later became a cross-channel seaman on the Hampton Ferry.
On 19 January 1950 the bells at St Mary's
church, Dover, were rung half-muffled in memory of the 64 lives lost in
the sinking of HMS Truculent
Anthony (Ant) Downing, aged 34, was a Squadron Leader and an Engineering
Officer in the RAF. He was seriously wounded on 22 December 2011 when
the vehicle in which he was travelling was blown up by a bomb close to
Kabul, the capital of Afghanistan. Air-lifted back to the Queen
Elizabeth Hospital in Birmingham, he died from his wounds the next day.
Squadron Leader Downing
was a former pupil of the Dover Grammar School for Boys, and a member of
their Cadet Force. From a young
child he had expressed a wish to join
the RAF; he gained a sixth form RAF scholarship when he was 17, and when
attending Bath University to study aeronautical engineering gained RAF
sponsorship for his second and third years. Also when he was 17 he
joined an athletic club in Deal, and from then on took part in many
endurance events, including Ironman. He was planning the Enduroman Arch
to Arc in 2013. While serving at RAF Kinloss he maintained and
sustained the Nimrod Force, and for three years was part of a mountain
rescue team. He had raised thousands of pounds for charity and also had
volunteered for the Samaritans. A veteran of Iraq, he had trained in the
Dari language and was acting as an interpreter when he was fatally
wounded. His funeral was held at Kingsdown on 13 January 2012.
Squadron Leader Downing
is buried at St John the Evangelist churchyard, Kingsdown, Kent
Royal Marine Captain Tom
Jennings, aged 29, was killed instantly in the same incident.
compiled from various news sources, picture via the MOD
For Remembrance 2016 St John the
Evangelist church at Kingsdown was filled by over 2,500
poppies commemorating the Fallen.
Large poppies adorned the pews and
walls, while schoochildren's poppies covered the font.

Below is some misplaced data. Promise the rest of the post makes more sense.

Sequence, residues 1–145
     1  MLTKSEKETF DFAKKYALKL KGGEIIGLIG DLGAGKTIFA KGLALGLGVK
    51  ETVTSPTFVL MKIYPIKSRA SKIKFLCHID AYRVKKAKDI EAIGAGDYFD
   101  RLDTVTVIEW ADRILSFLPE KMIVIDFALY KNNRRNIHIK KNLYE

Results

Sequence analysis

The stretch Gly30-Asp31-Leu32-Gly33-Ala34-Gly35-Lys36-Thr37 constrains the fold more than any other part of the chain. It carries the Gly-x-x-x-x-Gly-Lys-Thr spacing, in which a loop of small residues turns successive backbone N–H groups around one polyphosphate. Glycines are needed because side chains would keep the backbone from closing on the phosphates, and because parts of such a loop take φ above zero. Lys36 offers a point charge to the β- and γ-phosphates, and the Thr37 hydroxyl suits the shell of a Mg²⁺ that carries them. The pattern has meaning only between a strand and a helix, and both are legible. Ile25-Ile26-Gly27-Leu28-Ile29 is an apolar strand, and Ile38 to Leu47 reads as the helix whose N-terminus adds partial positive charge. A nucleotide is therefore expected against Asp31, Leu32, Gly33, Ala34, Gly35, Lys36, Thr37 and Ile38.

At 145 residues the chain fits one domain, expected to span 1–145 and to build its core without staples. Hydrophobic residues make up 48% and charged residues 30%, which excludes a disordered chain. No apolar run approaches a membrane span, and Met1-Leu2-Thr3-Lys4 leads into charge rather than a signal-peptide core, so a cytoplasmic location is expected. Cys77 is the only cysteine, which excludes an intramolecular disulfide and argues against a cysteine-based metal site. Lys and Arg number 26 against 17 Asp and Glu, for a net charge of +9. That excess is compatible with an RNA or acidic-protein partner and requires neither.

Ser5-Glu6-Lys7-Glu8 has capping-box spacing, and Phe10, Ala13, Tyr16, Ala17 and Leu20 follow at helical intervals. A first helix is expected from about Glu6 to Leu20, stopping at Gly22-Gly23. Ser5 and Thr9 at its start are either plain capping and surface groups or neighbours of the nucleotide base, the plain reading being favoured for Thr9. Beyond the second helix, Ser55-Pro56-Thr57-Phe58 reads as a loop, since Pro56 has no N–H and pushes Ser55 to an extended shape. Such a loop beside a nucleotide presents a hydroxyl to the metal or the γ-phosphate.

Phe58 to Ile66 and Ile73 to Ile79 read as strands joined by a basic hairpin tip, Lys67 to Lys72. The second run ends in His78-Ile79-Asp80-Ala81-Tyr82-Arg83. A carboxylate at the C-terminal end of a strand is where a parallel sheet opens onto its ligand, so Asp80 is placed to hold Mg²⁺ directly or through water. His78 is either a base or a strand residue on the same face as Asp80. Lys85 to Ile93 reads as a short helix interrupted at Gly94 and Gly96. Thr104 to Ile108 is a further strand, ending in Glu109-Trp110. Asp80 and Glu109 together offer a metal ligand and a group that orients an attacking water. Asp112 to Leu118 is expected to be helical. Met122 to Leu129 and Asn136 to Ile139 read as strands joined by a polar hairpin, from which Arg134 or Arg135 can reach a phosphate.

Hundreds of poppies, held by a camouflage net donated by the
RAF, tumbled over and around the altar. The poppies were all
made by groups in and around the village, in a community
tribute, organised by Squadron Leader Downing's mother,
poppy photos by courtesy of Rosie
gravestone photo by courtesy of Mark Chapman
Heather, K, E, C
Keith Ernest Charles
Heather, aged 17, was found a mile and a half out to sea off Sandgate on
9 September 1949. A Folkestone fisherman spotted a lifebelt in the
water, and floating some six feet beneath it was Private Heather's body,
He lived at 12 Forge
Avenue, Old Coulsdon, Surrey, and, serving in the Queen's Royal
Regiment, was billeted at Ross Barracks, Shorncliffe. In the early hours
of 8 September he had taken a boat from Dover beach belonging to Alfred
Charles Gatehouse, with the intention of going to France, perhaps to see
a Swedish girl he had met. The verdict was that Private Heather had
He was the son of Ernest
Heather and his wife Beryl, née Vigar, who married in Dover in 1930, and
the grandson of Mrs Alice Susanna Vigar of 5 Cowgate Hill, Dover, and
Robert Thomas Vigar. He had spent the night before the night he took the
boat at his grandmother's home.
Corporal Kumar Purja Pun served with the 1st Battalion, The Royal Ghurka
Rifles. He was killed on 7 May 2009 alongside Sergeant Ben Ross of the
Royal Military Police by a suicide bomber, while on patrol in Gereskh,
Helmand province, Afghanistan. Corporal
Pun's body was brought home through RAF Lyneham
He was born on 30
November 1977 in Nepal, and in 1996 followed his father into the Ghurkas.